Etymology
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rancid (adj.)

"offensive to the senses, fetid or soured by chemical change, having a tainted small or taste," 1640s, from Latin rancidus "rank, stinking, offensive" (also source of Italian rancido, Spanish rancio), from rancere "be spoiled or rotten," a word of unknown origin. Compare rancor. German ranzig is from French rancide. Related: Rancidness; rancidity.

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rancor (n.)

c. 1200, rancour, "a nourished envy; bitterness, hatred, malice," from Old French rancor "bitterness, resentment; grief, affliction," from Late Latin rancorem (nominative rancor) "rancidness, a stinking smell" (Palladius); "grudge, bitterness" (Hieronymus and in Late Latin), from Latin rancere "to stink," a word of unknown etymology (compare rancid). Sometimes in 15c. medical works the word is used in English in its literal Latin sense.

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butyl (n.)
hydrocarbon radical, 1855, from butyric acid, a product of fermentation found in rancid butter, from Latin butyrum "butter" (see butter (n.)).
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butane (n.)
paraffin hydrocarbon, 1875, from butyl, hydrocarbon from butyric acid, a product of fermentation found in rancid butter, from Latin butyrum (see butter (n.)) + chemical suffix -ane.
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Tallahassee 
place in Florida, U.S.A., 1799, originally Seminole Tallahassee, from Muskogee /talaha:ssi/, name of a tribal town, perhaps from /(i)talwa/ "tribal town" + /ahassi/ "old, rancid."
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sapro- 

word-forming element in science indicating "rotten, putrid, decaying," from Greek sapros "rotting, rotten, rancid," also, of wine, "matured," which is related to sēpein "to rot," a word of unknown origin. 

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frowsty (adj.)
"having an unpleasant smell," 1865, of unknown origin; perhaps related to Old French frouste "ruinous, decayed," or to Old English þroh "rancid;" both of which also are of uncertain origin. Also compare frowzy.
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harsh (adj.)

originally of texture, "hairy," 1530s, probably from Middle English harske "rough, coarse, sour" (c. 1300), a northern word of Scandinavian origin (compare Danish and Norwegian harsk "rancid, rank"), related to Middle Low German harsch "rough, raw," German harst "a rake;" perhaps from PIE root *kars- "to scrape, scratch, rub, card" (source also of Lithuanian karšiu, karšti "to comb," Old Church Slavonic krasta, Russian korosta "scab," Latin carduus "thistle," Sanskrit kasati "rubs, scratches"). Meaning "offensive to feelings" is from 1570s; that of "disagreeable, rude" from 1610s.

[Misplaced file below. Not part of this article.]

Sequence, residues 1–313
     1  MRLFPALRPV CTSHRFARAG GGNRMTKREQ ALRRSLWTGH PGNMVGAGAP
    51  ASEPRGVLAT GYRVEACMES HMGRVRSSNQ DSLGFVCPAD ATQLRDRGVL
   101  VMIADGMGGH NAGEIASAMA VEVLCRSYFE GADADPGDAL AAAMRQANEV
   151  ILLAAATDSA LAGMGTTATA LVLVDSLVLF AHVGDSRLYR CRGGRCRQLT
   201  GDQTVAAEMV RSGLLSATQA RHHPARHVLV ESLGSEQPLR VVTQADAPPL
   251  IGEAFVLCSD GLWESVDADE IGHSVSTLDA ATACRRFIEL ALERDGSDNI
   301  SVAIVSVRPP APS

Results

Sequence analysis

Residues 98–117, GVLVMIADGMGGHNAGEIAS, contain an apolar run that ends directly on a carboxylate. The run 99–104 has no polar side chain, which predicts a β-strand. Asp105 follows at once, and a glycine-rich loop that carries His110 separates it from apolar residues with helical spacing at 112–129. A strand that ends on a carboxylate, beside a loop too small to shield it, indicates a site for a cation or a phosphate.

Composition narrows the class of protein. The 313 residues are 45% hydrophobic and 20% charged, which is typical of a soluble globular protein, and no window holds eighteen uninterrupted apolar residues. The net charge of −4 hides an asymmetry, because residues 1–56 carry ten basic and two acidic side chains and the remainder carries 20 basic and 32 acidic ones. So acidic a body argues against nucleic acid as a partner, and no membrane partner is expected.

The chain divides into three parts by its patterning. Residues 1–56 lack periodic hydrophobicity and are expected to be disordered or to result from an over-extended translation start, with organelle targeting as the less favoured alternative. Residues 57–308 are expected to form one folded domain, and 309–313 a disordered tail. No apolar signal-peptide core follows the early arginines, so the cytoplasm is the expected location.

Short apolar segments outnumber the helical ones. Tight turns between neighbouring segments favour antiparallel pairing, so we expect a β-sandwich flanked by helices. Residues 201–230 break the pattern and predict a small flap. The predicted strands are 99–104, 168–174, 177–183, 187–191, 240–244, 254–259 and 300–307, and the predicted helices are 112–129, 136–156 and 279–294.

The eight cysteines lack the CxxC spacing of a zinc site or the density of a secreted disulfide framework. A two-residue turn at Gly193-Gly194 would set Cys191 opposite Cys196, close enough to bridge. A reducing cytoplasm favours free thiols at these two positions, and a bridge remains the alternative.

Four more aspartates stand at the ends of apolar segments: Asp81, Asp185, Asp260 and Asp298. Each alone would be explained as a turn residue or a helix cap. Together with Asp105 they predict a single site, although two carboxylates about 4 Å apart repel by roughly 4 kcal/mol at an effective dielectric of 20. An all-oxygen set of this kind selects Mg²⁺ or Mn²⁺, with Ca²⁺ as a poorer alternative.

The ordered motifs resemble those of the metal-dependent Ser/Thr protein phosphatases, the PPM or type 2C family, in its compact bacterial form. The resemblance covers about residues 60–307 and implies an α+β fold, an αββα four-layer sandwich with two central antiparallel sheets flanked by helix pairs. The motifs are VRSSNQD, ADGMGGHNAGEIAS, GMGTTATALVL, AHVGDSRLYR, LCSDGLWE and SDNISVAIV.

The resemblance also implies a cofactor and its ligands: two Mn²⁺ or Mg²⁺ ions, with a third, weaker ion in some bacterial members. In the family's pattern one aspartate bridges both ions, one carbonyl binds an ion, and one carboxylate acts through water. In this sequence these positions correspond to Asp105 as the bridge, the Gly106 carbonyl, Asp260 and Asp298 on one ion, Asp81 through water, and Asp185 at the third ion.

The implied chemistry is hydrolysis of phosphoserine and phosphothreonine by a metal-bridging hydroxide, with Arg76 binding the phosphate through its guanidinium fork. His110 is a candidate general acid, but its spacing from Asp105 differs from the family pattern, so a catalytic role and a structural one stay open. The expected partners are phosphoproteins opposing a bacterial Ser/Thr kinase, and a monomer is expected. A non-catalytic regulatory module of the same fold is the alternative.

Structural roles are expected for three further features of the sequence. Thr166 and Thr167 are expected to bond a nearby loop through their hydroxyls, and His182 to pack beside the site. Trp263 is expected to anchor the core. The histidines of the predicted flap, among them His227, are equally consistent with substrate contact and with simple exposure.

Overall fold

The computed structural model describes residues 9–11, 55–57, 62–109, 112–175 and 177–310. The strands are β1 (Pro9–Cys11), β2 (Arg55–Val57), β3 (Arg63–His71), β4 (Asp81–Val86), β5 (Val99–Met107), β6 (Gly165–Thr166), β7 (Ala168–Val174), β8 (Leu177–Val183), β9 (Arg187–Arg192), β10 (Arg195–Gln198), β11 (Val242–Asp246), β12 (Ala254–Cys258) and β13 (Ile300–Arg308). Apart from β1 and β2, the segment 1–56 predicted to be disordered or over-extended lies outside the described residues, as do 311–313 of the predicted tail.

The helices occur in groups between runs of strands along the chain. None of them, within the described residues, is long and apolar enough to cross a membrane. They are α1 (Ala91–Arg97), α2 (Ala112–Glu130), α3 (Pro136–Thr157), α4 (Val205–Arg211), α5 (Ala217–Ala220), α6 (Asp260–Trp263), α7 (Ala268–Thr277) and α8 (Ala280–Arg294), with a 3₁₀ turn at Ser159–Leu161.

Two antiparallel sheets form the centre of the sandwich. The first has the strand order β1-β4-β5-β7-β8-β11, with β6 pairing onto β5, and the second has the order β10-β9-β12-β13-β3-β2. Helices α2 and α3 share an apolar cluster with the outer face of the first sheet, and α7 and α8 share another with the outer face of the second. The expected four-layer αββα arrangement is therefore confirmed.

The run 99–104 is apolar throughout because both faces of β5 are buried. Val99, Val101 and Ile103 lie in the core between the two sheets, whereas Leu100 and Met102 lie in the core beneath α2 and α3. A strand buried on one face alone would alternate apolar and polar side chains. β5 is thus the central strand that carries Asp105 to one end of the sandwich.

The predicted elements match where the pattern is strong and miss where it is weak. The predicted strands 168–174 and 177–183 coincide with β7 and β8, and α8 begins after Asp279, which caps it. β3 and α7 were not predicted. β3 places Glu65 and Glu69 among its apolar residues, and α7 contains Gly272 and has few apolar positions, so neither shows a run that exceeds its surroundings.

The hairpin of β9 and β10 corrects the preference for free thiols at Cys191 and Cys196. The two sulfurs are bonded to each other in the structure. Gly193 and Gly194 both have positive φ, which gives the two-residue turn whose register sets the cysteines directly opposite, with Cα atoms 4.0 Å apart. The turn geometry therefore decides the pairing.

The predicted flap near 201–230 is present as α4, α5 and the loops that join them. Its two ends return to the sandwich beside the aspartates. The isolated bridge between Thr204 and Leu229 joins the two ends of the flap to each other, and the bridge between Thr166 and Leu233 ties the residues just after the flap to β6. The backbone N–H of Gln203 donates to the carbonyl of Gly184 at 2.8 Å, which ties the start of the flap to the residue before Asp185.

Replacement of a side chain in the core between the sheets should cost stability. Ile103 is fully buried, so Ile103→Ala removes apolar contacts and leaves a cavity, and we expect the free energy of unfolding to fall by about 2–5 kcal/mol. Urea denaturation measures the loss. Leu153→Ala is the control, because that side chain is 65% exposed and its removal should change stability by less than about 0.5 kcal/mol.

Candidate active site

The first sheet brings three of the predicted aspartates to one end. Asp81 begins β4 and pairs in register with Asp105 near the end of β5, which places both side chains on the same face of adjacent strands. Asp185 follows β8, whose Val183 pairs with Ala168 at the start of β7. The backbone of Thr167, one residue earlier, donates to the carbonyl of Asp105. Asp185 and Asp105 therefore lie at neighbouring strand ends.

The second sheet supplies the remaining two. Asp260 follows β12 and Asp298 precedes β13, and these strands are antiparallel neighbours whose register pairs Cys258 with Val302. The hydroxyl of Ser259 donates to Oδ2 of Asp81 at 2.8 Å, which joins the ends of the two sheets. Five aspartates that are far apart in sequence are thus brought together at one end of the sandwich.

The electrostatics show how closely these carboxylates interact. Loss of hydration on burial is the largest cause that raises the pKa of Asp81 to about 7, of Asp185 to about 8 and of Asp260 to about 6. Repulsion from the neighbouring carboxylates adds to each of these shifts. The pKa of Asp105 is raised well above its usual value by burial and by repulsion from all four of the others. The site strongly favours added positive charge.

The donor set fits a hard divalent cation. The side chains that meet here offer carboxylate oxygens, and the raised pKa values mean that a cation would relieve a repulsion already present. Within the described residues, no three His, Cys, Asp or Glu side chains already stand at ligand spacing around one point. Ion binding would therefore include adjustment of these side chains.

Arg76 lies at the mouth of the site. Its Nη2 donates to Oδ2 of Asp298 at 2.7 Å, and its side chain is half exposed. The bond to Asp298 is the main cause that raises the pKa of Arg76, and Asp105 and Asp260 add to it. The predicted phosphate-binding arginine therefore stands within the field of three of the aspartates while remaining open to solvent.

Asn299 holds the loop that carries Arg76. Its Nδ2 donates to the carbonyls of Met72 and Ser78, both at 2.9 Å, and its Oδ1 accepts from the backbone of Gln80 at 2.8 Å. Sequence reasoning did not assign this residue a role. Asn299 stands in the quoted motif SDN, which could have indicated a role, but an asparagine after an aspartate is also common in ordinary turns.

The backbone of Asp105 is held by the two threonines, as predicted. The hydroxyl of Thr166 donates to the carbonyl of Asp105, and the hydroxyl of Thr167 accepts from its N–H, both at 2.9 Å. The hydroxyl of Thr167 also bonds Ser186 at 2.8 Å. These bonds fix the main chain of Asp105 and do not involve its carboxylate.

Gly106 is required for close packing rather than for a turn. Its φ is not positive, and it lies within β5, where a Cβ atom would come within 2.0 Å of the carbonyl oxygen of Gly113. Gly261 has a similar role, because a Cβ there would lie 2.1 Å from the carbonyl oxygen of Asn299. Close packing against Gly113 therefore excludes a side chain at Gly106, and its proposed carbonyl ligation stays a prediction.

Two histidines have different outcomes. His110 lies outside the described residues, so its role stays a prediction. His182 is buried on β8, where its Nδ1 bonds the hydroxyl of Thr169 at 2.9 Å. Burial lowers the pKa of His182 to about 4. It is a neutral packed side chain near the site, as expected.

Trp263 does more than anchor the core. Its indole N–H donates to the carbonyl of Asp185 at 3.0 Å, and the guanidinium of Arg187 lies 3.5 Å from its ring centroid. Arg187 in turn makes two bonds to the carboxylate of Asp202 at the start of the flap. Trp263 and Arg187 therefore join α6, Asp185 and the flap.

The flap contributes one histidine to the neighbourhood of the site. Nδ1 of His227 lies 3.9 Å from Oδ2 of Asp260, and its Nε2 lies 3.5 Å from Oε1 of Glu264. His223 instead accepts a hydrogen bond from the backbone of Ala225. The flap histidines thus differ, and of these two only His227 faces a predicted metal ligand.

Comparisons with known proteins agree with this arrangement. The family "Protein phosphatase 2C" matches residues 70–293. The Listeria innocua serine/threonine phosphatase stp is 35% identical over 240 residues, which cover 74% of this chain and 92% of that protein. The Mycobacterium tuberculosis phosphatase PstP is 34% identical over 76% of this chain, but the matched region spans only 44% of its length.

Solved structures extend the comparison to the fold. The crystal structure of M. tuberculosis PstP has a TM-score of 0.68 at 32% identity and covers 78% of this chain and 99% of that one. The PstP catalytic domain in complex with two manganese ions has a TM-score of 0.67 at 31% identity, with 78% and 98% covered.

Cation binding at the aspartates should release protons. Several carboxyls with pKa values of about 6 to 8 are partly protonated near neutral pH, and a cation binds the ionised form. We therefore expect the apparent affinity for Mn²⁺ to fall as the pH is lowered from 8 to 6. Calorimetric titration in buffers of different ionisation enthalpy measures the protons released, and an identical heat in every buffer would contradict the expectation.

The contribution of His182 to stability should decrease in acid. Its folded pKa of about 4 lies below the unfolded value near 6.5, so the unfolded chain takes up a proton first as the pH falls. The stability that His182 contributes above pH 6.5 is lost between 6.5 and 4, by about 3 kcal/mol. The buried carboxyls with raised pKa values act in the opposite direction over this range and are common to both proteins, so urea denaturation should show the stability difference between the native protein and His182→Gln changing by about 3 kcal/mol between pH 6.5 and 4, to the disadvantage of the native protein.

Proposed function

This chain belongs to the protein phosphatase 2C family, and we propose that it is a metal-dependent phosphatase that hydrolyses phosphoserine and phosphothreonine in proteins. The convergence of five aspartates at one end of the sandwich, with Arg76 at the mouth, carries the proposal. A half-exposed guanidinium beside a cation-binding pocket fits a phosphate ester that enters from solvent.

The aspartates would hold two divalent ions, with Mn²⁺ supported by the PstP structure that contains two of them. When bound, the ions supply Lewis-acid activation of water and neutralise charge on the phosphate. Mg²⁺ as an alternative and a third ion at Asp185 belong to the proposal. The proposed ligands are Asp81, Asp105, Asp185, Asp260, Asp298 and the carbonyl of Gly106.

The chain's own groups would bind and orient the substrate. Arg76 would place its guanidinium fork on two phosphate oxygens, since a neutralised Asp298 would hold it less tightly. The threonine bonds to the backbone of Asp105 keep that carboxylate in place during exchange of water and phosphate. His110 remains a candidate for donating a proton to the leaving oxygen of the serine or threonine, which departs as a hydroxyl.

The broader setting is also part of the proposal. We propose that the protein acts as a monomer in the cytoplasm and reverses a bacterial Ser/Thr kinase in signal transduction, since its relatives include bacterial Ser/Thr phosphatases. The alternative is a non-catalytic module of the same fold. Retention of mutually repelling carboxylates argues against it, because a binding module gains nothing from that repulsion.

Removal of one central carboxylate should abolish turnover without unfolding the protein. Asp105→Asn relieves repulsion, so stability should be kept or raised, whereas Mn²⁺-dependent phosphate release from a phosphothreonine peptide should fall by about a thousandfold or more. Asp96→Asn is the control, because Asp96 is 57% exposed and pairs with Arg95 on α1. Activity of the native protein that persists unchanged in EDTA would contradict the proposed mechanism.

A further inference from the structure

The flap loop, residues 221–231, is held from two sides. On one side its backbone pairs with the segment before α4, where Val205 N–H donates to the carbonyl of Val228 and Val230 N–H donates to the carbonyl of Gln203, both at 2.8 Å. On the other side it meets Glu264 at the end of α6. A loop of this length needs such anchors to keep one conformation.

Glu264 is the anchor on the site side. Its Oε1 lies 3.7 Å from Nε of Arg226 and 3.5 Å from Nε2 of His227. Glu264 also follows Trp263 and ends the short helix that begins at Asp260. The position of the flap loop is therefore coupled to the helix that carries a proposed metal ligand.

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rank (adj.)

Old English ranc "proud, overbearing, haughty, showy," senses now obsolete, from Proto-Germanic *rankaz (source also of Danish rank "right, upright," German rank "slender," Old Norse rakkr "straight, erect"), which is of uncertain origin, possibly related to Old Norse and Old English rinc "man, warrior." Related: Rankly; rankness.

In reference to plant growth, "vigorous, luxuriant, abundant, copious" (also figurative) it is recorded from c. 1300. The sense also evolved in Middle English to "large and coarse" (c. 1300), then to "corrupt, loathsome, foul" (mid-14c.), perhaps via the notion of "excessive and unpleasant," perhaps also influenced in this by French rance "rancid." Specifically as "having an offensive, strong smell" by 1520s. In Middle English also "brave, stout-hearted; splendid, admirable." In 17c. it also could mean "lewd, lustful."

The development of the word in Eng. is, however, far from clear, as the OE. uses are not quite the primitive ones. In ME. also it chiefly occurs in alliterative verse, app. more for convenience than to express definite meanings. In the later language the chief difficulty is to decide which of the more original senses are represented in the transferred uses. [OED]

Much used 16c. as a pejorative intensive (as in rank folly). This is possibly the source of the verb meanings "to reveal another's guilt" (1929, underworld slang) and that of "to harass, insult, abuse," 1934, African-American vernacular, though this also may be so called from the role of the activity in establishing social hierarchy (and thus from rank (n.)).

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